This is the story of an amateur space-balloon launch that became a success—and the landing that was a disaster.
It’s a long story, but a good one. It begins with an international scavenger hunt, four tech companies, and a government agency—and ends with a teenager swaying 60 feet in the air. It involves technology, science, nature, emotion, and 36 hours in a minivan. You’ll read about bows and arrows, drones, a swimming-pool skimmer, and a cast-iron hook.
And maybe, just maybe, you’ll come away with a new appreciation for what they do at NASA. Or a great idea for your kid’s next science fair. Or at least some insight into the thermal properties of duct tape.
Chapter 1: The backstory
My daughter Tia, who’s 17, entered something called the Greatest International Scavenger Hunt the World Has Ever Seen (GISHWHES). According to the Guinness Book, it’s the world’s biggest scavenger hunt; this year, over 30,000 people competed. The entry fees fund a charity.
Teams of 15 have one week to complete a list of 200 difficult tasks, ranging from “Wearing formal attire, milk a cow in a well-appointed living room” to “Write a smartphone app that dials an old rotary-dial telephone.”
No team has ever attained everything on the list.
The toughest item on this year’s list: You had to get a child to write a letter to the universe—and then launch the letter into space. Video proof of your launch had to be submitted by September 5, 2016.
Alas, both NASA and SpaceX declined our requests to collaborate. (Shocker.)
So my enterprising daughter found a British company called SentIntoSpace.com. They, and similar companies in the US, specialize in equipping schools, hobbyists, marketers, and filmmakers with near-space helium balloon kits—everything they need to send small payloads into near space. Not quite into orbit, but high enough to capture images like this:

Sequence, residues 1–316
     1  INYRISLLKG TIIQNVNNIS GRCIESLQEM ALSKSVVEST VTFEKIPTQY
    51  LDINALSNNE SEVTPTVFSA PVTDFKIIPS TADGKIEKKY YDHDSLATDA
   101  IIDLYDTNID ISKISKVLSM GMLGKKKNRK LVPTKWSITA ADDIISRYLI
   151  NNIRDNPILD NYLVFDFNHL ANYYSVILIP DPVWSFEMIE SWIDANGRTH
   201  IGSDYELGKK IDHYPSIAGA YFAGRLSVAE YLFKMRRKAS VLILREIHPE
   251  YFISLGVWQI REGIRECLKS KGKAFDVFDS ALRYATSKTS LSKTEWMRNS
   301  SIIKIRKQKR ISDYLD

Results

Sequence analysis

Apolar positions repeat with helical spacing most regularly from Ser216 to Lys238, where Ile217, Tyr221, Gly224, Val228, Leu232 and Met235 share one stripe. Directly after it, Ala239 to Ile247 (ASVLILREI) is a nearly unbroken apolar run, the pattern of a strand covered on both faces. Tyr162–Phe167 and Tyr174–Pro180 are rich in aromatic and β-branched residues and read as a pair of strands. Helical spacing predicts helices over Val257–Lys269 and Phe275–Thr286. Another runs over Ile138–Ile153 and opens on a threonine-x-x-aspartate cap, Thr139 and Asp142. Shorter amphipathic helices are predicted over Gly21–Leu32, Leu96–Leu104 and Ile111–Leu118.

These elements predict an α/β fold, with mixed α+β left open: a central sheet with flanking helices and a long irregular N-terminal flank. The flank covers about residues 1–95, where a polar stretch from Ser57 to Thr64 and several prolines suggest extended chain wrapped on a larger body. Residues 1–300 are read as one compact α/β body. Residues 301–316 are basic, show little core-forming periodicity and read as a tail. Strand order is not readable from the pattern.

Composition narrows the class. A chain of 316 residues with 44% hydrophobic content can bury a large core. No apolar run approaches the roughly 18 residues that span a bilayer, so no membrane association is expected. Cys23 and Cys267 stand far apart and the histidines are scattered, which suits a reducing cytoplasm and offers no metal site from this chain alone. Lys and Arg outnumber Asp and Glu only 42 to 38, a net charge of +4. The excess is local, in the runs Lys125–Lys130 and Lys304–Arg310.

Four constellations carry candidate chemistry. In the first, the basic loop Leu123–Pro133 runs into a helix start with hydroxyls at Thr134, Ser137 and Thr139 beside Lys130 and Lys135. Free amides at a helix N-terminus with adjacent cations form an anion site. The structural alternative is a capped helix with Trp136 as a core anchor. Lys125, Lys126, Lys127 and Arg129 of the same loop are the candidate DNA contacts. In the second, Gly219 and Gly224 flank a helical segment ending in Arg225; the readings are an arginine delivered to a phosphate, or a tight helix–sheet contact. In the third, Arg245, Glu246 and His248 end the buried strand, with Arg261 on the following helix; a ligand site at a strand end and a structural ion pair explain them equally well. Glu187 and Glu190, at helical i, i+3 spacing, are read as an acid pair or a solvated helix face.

I offered my services as GoPro tech guy, and I invited Yahoo’s video crew to film the entire process.
Project Letter to the Universe was under way!
Chapter 2: The equipment
Amazingly, the SentIntoSpace people offered to donate a balloon kit to Tia’s educational/charitable/competitive cause. Their standard kit (normally $275) includes these items:
A huge latex balloon, about 10 feet tall when inflated. There’s also a drop cloth to protect the balloon from puncture and a clear plastic hose for connecting the helium tank.
A white Styrofoam “payload box.” It’s Styrofoam because (a) it’s very cold in space, and you want to insulate your cameras and batteries, and (b) the box floats if it lands in water.
A bright orange parachute, with the necessary cords to attach it to the balloon (above it) and the payload box (below it).
A radar reflector. This shiny blue foil cardboard contraption shows up on aircraft radar—a legal requirement in the US. (We were also instructed to phone the FAA and get a NOTAM—Notice to Airmen. We provided the details of our proposed flight; the FAA rep gave us permission over the phone, quickly and helpfully.)
A location tracker. There are various ways to track your balloon once you’ve launched it. One tracker type uses cellular service, so it’s cheap and small, but won’t help you if the balloon lands out of the cellular coverage area. Another kind, the SPOT Gen3 tracker we used ($170), communicates via satellites. It’s bigger and bulkier, but it works anywhere in the world. (It ordinarily requires a $100/year subscription; it’s a favorite of hikers and mountaineers who need to be in touch with loved ones back home.)
A few additional items are not included in the SentIntoSpace kit:
Cameras. You wouldn’t do a space launch without some way to take pictures or videos, would you? GoPro (GPRO) loaned us two Hero4 Black cameras for this project.
Extended batteries. A standard GoPro battery lasts for only about two hours of continuous recording. That’s a problem for a space balloonist—first, because a typical flight takes 3 hours, and second, because in the extreme cold of the outer atmosphere (negative 75 degrees Fahrenheit), battery life gets cut in half. I asked DigiPower if they’d be willing to loan us a couple of their ReFuel battery packs for GoPros, available in 6-hour, 12-hour, and 24-hour (!!!) models; they kindly agreed. (We used the 12-hour models, just to be safe.) The ReFuel battery snaps ingeniously onto the back of a GoPro’s waterproof case.
Helium. SentIntoSpace doesn’t send you a huge heavy helium tank. You have to find some local supplier of that—a party store or, in our case, Hocon Industrial Gas in Bridgeport, CT. Bless their hearts: Fascinated by our project, they gave us a discount.
A fish scale. It’s important to fill your balloon with the right amount of helium. Too little, and the thing will drift too far across the country; too much, and the payload will swing wildly, ruining your footage and maybe even popping the balloon. So you’re supposed to weigh the helium as you fill the balloon—measure its upward force—by hooking it to a fish scale. (Yes, helium weighs something! Just less than regular air.)